Every time we pick up a book, we do it: We visualize using our imaginations to create in our mind.
His mind is filled with imagination.
“There's a lot of ideas,” Ben Spieldenner said. “There are a lot of ideas.”
His students jokingly call it something else.
“Yeah, he's a nerd,” Nivene Hutchins said.
Spieldenner, an English teacher at Ashland High School, said he'd be the first to tell you that his mind is a little different when it comes to teaching the curriculum.
“It's a little bit cartoon, a little bit mad scientist,” Spieldenner said. “I guess my goal teaching has been to always meet kids where they are.”
Three years ago, he had one of those ideas.
“Minecraft is the thing that I was looking for that I didn't know I was looking for,” Spieldenner said.
To help teach his students, he uses Minecraft. It's a virtual reality space where people can create their own worlds and experiences by building off of their resources and creativity.
Students say they had doubt, at first.
“I didn't think that it would work,” Hutchins said.
“I was shocked when we did [Minecraft],” Trevor Jackenheimer said.
How can a game help further storylines of classics like William Shakespeare's Romeo and Juliet or George Orwell's Animal Farm?
It sounds tricky. But, students say, it's easier than you might think.
“We do different projects based on those stories that we read in the Minecraft world,” Hutchins said.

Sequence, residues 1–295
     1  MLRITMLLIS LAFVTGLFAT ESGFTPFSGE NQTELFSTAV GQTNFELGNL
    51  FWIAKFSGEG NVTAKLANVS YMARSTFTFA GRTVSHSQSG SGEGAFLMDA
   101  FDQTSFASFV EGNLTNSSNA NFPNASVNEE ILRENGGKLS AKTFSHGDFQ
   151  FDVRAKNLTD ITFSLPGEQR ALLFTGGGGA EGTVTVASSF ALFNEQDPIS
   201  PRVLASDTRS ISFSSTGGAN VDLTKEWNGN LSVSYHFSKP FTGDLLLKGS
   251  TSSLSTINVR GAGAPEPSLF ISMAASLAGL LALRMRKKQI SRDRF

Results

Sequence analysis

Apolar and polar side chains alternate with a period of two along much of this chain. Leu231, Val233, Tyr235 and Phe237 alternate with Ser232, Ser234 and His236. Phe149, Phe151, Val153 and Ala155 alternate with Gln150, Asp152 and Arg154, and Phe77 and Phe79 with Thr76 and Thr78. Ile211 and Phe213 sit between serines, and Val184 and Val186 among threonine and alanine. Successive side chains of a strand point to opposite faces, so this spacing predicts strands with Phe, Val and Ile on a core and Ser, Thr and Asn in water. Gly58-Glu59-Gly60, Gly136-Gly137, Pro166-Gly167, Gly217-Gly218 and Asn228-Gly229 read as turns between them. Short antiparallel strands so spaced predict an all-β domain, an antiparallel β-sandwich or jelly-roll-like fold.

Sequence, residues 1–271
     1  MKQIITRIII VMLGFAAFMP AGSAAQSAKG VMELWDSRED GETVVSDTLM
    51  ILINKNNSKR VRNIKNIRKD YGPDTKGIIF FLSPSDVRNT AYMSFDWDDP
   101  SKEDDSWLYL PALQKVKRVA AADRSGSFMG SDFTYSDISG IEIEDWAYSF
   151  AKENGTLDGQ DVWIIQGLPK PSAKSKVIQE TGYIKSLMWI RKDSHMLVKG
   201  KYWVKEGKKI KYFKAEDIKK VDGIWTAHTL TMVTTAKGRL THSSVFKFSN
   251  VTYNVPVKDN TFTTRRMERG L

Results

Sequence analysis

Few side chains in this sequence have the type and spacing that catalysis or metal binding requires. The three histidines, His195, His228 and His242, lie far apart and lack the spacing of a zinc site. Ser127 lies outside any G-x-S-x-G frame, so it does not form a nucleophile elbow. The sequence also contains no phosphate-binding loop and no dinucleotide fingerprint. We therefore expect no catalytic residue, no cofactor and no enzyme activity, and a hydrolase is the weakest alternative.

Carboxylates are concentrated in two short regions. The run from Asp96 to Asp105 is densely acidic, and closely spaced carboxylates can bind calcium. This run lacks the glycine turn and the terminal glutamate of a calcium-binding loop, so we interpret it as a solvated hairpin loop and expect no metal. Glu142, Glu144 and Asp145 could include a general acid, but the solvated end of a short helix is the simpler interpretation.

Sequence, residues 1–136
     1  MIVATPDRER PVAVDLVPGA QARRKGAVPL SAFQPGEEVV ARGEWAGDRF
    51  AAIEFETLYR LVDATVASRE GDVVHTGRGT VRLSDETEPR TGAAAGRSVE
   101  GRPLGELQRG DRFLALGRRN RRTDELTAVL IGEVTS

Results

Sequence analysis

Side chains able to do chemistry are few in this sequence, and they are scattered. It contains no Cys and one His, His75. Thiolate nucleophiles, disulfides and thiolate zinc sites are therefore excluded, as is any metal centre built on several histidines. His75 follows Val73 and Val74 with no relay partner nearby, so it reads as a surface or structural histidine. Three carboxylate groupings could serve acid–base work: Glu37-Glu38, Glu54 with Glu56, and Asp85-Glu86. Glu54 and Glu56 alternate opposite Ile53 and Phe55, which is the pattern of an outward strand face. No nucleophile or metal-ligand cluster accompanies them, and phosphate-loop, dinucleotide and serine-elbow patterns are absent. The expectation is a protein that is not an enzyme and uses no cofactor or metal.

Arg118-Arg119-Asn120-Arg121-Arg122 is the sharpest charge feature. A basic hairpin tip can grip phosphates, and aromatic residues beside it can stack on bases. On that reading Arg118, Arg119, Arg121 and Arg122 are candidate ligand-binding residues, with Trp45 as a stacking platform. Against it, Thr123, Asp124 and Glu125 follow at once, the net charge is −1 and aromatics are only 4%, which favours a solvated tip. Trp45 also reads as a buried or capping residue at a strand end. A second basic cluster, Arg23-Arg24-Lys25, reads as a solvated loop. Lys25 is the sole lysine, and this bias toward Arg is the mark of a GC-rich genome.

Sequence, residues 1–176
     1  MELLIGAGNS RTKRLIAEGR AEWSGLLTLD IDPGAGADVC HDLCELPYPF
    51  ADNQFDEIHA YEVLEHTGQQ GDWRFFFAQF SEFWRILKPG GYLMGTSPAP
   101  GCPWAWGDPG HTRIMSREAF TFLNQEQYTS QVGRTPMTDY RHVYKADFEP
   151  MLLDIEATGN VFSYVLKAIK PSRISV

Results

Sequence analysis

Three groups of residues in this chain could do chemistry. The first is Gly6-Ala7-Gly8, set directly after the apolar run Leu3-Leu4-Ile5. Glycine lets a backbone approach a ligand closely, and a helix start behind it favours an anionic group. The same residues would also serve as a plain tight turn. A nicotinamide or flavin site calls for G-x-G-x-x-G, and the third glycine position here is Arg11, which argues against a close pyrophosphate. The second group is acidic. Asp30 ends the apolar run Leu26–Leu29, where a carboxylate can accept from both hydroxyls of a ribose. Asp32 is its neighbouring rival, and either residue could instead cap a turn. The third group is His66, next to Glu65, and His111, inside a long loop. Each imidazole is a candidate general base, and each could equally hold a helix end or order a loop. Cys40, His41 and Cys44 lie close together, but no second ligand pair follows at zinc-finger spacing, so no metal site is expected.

Hutchins is a senior. Jackenheimer is a junior. They both say Spieldenner's approach to learning is more engaging and fun.
“It shows there's many ways for you to learn about stuff and it's just fun,” Jackenheimer said. “It makes it a lot more fun when you do it.”
They take what they read and then create a world based off of imagination.
“[Spieldenner] is the best teacher I have ever had and the most inspiring and thoughtful and caring and absolutely the most compassionate person,” Hutchins said. “And, [he's] one of the smartest people I've probably ever met in my life.”
Fun while learning. Fun while teaching.
“It really allows you to make lessons more dynamic,” Spieldenner said. “You have richer writing experiences because everything's immersive because the kids are in it. They're emotionally invested in what they're doing.”
His teaching style is now what students had in mind. That's a good thing.
“It was nerdy,” Jackenheimer said jokingly. “I guess I'm a nerd now because I play it 24/7.”
After all, students say they are what they create.